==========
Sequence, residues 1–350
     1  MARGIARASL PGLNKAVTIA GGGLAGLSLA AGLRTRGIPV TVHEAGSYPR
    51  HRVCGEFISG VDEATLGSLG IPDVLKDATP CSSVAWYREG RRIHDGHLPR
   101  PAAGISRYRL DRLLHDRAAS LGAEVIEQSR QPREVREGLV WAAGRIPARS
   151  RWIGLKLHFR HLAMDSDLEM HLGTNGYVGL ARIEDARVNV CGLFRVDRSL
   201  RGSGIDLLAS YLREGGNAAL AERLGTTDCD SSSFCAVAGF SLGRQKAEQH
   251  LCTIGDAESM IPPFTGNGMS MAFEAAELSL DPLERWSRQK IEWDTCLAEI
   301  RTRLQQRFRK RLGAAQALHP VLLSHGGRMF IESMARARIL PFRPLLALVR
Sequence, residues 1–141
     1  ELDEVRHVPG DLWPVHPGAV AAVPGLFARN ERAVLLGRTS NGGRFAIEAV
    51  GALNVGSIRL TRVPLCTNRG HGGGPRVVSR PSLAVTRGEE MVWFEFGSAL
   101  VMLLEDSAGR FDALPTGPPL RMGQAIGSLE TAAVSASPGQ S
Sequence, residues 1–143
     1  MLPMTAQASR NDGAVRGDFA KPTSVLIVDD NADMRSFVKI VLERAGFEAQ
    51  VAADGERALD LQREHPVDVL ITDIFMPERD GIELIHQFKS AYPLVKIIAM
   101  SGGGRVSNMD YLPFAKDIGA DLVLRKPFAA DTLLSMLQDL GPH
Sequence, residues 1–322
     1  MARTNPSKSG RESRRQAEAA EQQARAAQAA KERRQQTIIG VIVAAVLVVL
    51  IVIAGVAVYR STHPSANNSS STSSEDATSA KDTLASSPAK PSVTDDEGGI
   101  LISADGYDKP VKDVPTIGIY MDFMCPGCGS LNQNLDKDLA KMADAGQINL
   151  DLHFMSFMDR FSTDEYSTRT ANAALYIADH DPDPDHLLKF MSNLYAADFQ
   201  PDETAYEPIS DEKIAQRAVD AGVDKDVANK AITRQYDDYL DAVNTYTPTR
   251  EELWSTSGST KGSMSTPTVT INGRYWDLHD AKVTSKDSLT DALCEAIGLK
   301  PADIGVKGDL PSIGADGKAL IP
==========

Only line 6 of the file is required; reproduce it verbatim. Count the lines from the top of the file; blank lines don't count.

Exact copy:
   201  RGSGIDLLAS YLREGGNAAL AERLGTTDCD SSSFCAVAGF SLGRQKAEQH